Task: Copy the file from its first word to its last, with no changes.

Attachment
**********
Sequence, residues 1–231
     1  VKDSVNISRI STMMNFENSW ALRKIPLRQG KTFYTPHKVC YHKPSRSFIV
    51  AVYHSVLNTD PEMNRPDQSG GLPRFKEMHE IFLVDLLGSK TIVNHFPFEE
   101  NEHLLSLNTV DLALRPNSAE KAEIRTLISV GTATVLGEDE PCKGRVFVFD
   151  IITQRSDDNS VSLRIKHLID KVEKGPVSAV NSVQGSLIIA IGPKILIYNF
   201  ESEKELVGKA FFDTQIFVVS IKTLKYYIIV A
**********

Sequence, residues 1–231
     1  VKDSVNISRI STMMNFENSW ALRKIPLRQG KTFYTPHKVC YHKPSRSFIV
    51  AVYHSVLNTD PEMNRPDQSG GLPRFKEMHE IFLVDLLGSK TIVNHFPFEE
   101  NEHLLSLNTV DLALRPNSAE KAEIRTLISV GTATVLGEDE PCKGRVFVFD
   151  IITQRSDDNS VSLRIKHLID KVEKGPVSAV NSVQGSLIIA IGPKILIYNF
   201  ESEKELVGKA FFDTQIFVVS IKTLKYYIIV A